Joint Defendants also argue that Intervenors cannot meet Article III standing requirements because only the Government can sue for equitable relief under RICO and Intervenors have no such private right of action to do so. The answer to Joint Defendants’ argument is directly provided in Jones v. Prince Georges County, Maryland , 348 F.3d 1014, 1018 (D.C. Cir. 2003), holding that “under Rule 24(a)(2), the question is not whether the applicable law assigns the proposed intervenor a cause of action. Rather, the question is whether the individual may intervene in an already pending cause of action. . . . As the Rule’s plain text indicates, intervenors of right need only possess an ‘interest’ in the litigation – not a ‘cause of action’ or ‘permission to sue.’” See also Trbovich v. United Mine Workers of America, 404 U.S. 528, 530-37 (1972).
For all these reasons, the Court concludes that Intervenors have satisfied the “protectable interest” requirement of Rule 24(a).
B. Impairment of “Protectable Interests”
The next question under Rule 24(a) is whether the protectable interests of the Intervenors will be impeded or impaired if they are not allowed to intervene. As spelled out earlier, the
Government has substantially altered the scope of the remedies it seeks in this case – in particular, the duration and funding of a national smoking cessation program.5
The Government no longer shares the views of Intervenors as to how extensive the appropriate remedies should be in this case in order to prevent and restrain future violations of RICO, should the Court find liability. The burden on Intervenors to show inadequacy of representation “is not onerous,” Diamond v. D.C., 792 F.2d 179, 192 (D.C. Cir. 1986), and the interests they assert “need not be wholly ‘adverse’ before there is a basis for concluding that existing representation of a ‘different’ interest may be inadequate.” Nuesse, 385 F.2d at 703. In sum, it is perfectly apparent that disposition of this case will impair and impede the ability to protect Intervenors’ interests and that the federal Government no longer adequately represents those interests.
IV. Prejudice to Joint Defendants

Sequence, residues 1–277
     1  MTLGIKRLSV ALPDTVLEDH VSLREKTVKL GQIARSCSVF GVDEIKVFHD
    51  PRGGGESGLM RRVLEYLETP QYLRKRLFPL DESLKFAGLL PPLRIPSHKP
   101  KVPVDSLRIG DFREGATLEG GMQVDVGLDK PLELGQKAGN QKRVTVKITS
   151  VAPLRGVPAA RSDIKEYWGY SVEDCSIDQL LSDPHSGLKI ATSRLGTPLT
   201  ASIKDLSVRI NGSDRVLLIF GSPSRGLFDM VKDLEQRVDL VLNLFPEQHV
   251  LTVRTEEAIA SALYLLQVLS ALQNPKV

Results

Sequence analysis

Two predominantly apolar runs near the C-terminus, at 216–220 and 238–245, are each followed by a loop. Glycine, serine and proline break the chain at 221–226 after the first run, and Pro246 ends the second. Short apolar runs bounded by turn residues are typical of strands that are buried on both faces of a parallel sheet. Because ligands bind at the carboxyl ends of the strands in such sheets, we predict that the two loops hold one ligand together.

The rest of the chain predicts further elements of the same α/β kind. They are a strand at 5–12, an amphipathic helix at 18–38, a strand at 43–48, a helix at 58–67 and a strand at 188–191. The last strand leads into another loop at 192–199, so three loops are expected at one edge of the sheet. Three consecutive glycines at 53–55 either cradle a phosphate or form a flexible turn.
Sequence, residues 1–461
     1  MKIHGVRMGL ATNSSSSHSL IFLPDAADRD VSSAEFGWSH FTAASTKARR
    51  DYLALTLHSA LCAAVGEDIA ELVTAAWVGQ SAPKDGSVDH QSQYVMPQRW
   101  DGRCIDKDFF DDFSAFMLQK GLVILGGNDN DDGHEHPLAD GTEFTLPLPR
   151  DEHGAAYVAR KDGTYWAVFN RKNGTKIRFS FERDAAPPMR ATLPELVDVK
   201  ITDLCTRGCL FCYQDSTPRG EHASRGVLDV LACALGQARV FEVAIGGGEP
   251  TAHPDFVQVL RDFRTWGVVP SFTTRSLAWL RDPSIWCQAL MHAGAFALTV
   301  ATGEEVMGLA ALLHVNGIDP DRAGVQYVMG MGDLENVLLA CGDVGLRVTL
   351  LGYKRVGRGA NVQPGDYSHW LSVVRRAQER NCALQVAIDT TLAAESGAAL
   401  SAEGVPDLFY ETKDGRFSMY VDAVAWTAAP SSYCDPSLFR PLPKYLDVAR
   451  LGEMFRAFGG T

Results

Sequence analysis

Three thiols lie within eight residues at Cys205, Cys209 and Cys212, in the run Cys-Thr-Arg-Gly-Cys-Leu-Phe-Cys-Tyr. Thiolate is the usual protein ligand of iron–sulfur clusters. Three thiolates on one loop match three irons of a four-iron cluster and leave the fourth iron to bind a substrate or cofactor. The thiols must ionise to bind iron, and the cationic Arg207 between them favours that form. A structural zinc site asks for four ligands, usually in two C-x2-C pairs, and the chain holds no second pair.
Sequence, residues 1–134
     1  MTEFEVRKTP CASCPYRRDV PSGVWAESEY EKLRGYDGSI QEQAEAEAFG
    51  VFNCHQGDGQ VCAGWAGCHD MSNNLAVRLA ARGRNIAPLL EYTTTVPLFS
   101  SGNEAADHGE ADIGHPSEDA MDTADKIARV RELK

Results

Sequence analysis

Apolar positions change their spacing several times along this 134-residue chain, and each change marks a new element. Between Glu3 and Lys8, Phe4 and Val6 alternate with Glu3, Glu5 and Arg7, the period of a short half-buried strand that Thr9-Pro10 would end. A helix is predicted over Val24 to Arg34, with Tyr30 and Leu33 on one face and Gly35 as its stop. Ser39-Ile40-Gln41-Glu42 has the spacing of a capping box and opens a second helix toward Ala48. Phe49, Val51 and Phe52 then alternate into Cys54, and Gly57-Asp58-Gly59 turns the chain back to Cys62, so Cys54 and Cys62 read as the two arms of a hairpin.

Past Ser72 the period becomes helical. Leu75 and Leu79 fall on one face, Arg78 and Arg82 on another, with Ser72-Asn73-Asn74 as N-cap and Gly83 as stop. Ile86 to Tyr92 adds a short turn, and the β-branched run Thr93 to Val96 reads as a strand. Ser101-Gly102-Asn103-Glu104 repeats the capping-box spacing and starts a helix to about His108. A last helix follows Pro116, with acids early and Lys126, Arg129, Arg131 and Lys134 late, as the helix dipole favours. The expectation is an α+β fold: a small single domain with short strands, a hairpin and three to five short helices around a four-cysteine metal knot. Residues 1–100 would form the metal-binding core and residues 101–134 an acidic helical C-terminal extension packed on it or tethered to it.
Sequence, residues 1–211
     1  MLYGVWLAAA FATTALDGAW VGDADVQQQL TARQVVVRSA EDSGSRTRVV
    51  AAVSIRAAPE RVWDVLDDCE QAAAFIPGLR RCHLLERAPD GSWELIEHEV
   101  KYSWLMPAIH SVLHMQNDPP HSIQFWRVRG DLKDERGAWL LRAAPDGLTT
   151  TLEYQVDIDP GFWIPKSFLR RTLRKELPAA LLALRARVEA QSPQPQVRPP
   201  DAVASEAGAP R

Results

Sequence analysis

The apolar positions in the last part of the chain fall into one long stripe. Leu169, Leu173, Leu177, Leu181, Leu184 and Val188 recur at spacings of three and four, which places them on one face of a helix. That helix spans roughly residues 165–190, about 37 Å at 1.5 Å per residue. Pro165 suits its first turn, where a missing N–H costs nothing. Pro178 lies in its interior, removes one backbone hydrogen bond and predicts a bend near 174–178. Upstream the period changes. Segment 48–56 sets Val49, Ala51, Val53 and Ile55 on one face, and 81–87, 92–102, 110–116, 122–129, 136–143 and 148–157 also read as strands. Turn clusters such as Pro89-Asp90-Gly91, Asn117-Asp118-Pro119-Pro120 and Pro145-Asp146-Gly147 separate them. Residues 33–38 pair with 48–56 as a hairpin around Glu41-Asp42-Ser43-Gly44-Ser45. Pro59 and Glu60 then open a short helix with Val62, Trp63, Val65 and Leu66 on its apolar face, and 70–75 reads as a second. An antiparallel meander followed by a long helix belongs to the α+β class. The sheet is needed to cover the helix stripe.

Prejudice to any party is a significant factor which must be evaluated in consideration of any motion to intervene. Joint Defendants argue that they will be prejudiced in this case by the granting of this Motion. The Court does not agree. As already noted, the only purpose of this intervention is to make additional and different legal arguments to the Court based upon evidence already admitted in a completed record. Joint Defendants will have a full opportunity, in their opposition
5 In addition to reducing the size of its smoking cessation remedy, the Government made other changes between closing argument and submission of its proposed remedies order. For example, its proposed order omits several marketing restrictions recommended by its own remedy experts, including restricting Joint Defendants’ advertising and promotions to factual black and white communications, prohibiting youth-appealing or misleading imagery at retail outlets, requiring that cigarettes at retail outlets be kept behind the counter and out of sight, and requiring that cigarettes be sold in cartons rather than in single packs. In its closing argument on June 7, 2005, the Government endorsed each of these recommendations.
to the Government’s post-trial brief, to counter any such legal arguments. The only concrete evidence of prejudice that Joint Defendants can even point to is that, because the post-trial brief will be filed three weeks after the parties file their final Proposed Findings of Fact, they will be deprived of an opportunity to identify and propose facts necessary to respond to whatever remedies the Intervenors will claim to be legally permissible, appropriate, and necessary. While the Court doubts that this will be the case, if Joint Defendants conclude that they need to submit additional Proposed Findings of Fact responsive to any legal argument made by Intervenors in their trial brief, they may file a motion to do so.
V. Permissive Intervention
Under Rule 24(b), in order to grant permissive intervention, there must be “a question of law or fact in common” between the applicant’s claim or defense and the main action.” Virtually all the questions of law and fact are identical at this point in the litigation between the Intervenors’ remedies claims and the Joint Defendants’.
Having already determined that there will be neither undue delay nor prejudice in granting the intervention, and that Intervenors have standing, the Court concludes that the requirements of Rule 24(b) have been satisfied and that permissive intervention may be granted.
As explained herein, the six organizations seeking to intervene have satisfied all of the requirements of Fed. R. Civ. P. 24(a) and (b). Consequently, their Motion to Intervene will be granted. There is an additional reason which supports the granting of intervention. In a case of this magnitude, which could potentially affect the health and welfare of the American public, as well as the American economy (given our enormous annual expenditures on health care), it will serve the
public interest for major public health organizations, such as Intervenors, who have long experience with smoking and health issues, to contribute their perspectives on what appropriate and legally permissible remedies may be imposed should liability be found.
July 22, 2005 /s/
United States District Judge